Ken Vaughan

Ken Vaughan’s Fossicking Stand

Made and owned by Ken Vaughan. Photographs taken and measurements made on 12 September 2020 at CMLC by John Heenan.

This is a particularly lightweight and convenient folding sieve stand that is easy to construct with inexpensive tools. It features an adapter to take two different diameter poles. The stand will work with two 12 inch sieves on top of each other, such as 34 inch (19 mm) mesh sieve on top of a 38 inch (10 mm) mesh sieve.

Please click on images below to enlarge.

Stand Setup

3D Modelled Parts

Stand Disassembled

Stand Parts

3D Modelled Parts

Part Measurements Description
Aluminium tubing 22 mm outer diameter, 1 mm wall, 107 mm length Contains fixed upper dowel and lower dowel adapter
Upper fixed dowel 18 mm outer diameter, 47 mm length, 47mm diameter drilled through, 12 mm diameter hole at top 10mm depth Fixed into tubing using six punch holes
Lower adapter dowel 18 mm outer diameter, 60 mm length, 10 mm diameter drilled through for 50 mm Adapter for 38 inch pole
M6 bolt Dome head M6 bolt, 6 mm outer diameter thread, at least 50mm thread length For fixing arms
2 x M6 nuts Thin nuts for bolt Tighten each bolt into the other
Upper arm Aluminium plate 20 mm wide, 3 mm thick, 365mm long Shape to fit using a vice with lower arm
Lower arm Aluminium 20 mm wide, 3 mm thick, 350mm long Shape to fit using a vice with upper arm

Other Parts

One or two stacked 12 inch diameter sieves. If stacked then typically

  • 34 inch (19 mm) or 12 inch (13 mm) mesh sieve on top
  • 38 inch (10 mm) or 14 inch (6 mm) mesh sieve on bottom.

Two support poles, typically rebar with each filed or angle grinded at end to a point to hammer into ground easily.

  • 1.27 meters of 34 inch (19 mm) rebar
  • 1.00 meters of 38 inch (10 mm) rebar (such as yellow safety rebar)

Construction Notes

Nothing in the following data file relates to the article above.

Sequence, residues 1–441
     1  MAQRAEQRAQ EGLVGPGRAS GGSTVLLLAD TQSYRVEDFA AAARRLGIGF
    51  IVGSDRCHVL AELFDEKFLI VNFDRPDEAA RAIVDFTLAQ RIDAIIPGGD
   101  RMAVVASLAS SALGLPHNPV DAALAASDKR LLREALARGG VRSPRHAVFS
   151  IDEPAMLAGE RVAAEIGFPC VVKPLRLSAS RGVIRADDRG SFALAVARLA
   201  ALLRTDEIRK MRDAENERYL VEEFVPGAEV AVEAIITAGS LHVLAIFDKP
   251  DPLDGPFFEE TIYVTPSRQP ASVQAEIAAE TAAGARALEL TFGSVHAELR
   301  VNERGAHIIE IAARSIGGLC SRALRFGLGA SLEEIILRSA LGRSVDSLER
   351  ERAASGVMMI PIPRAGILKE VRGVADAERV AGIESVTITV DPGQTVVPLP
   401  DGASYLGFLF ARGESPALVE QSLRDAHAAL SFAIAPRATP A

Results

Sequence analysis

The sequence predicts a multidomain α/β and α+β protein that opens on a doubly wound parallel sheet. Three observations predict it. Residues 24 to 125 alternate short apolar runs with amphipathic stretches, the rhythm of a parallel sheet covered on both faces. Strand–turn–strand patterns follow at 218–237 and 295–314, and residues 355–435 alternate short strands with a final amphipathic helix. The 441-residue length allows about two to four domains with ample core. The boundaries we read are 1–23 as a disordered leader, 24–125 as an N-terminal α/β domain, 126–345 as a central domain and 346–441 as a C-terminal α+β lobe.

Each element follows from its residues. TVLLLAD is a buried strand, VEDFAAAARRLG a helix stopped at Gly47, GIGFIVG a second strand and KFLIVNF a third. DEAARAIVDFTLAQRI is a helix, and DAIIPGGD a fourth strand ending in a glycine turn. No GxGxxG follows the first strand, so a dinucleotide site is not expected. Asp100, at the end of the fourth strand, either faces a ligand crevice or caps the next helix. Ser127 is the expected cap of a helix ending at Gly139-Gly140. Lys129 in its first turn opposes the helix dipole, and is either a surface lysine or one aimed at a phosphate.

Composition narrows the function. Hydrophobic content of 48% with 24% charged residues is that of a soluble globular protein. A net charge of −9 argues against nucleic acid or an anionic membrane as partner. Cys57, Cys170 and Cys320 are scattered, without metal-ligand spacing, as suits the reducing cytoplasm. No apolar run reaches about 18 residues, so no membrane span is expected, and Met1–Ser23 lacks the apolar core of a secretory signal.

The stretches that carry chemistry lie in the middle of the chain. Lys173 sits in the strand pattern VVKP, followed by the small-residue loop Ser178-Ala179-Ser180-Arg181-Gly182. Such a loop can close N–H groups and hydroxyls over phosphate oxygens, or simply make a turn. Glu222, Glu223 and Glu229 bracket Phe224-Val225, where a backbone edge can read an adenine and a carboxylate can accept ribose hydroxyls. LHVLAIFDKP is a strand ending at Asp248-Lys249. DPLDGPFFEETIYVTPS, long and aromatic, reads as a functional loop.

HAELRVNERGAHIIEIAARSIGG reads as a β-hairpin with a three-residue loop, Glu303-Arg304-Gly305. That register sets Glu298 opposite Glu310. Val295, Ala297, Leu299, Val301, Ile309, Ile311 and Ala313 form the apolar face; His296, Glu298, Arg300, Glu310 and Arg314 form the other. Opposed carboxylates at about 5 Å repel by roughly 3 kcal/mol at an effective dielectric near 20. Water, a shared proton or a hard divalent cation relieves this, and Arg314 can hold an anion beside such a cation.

Cheap offcuts of aluminium hollow tubing and aluminium flat plate can be used

Tools required include a hacksaw, drill, vice, a hand punch and file. However an angle grinder is handy to make a pointed end out of a larger rebar pole. The vice can be wooden or metal. The vice is used to gently shape the arms to fit the 12 inch sieves.

The dowels can be wrapped in plastic tape.

While it may not look robust, the long length of the bolt and the long length of the tubing with the two dowels ensure there is a secure grip.

The upper dowel is fixed into tubing with six holes from a hand punch, three on each side forming a triangle. Each three are about 15 mm apart and start about 15mm from the top of the tubing. The triangles are inverted from each other

One side Other side
    @ @     @
@     @     @

The lower dowel is an adapter for the smaller diameter pole.

When shaping the arms with a vice it is advisable to tape them both together. You should also physically mark each arm, as shown in image above, on the same side to ensure a good match when folded.

Differences With 3D Model Version

Some screenshots from the 3D model in Blender are included in the gallery above with measurements and text.

While the 3D model shows distinct bend points in the arms this is not the way Ken made his. The distinct points are for four reasons:

  1. It is too difficult to get usable measurement points with the way Ken made his.
  2. Even if measurement points were made they are not particularly useful for home constructors using a vice who need to gently control how the aluminium bends and adjust to fit sieves.
  3. Easier to design a 3D model with distinctly defined points
  4. Easier to automate manufacture with distinct points and so encourage manufacturing of kits.

So if you build this yourself with simple tools it is suggested you use Ken’s method with trial and error fit. Manufactures, if interested, can adapt the design to best fit their own processes.

The 3D model was constructed with Blender software. Blender software, unlike AutoCAD, is not ‘design for manufacturing’ software. However a 3D model STL format file exported from Blender is available. The STL file does not include the measurements or text in the Blender screenshots above.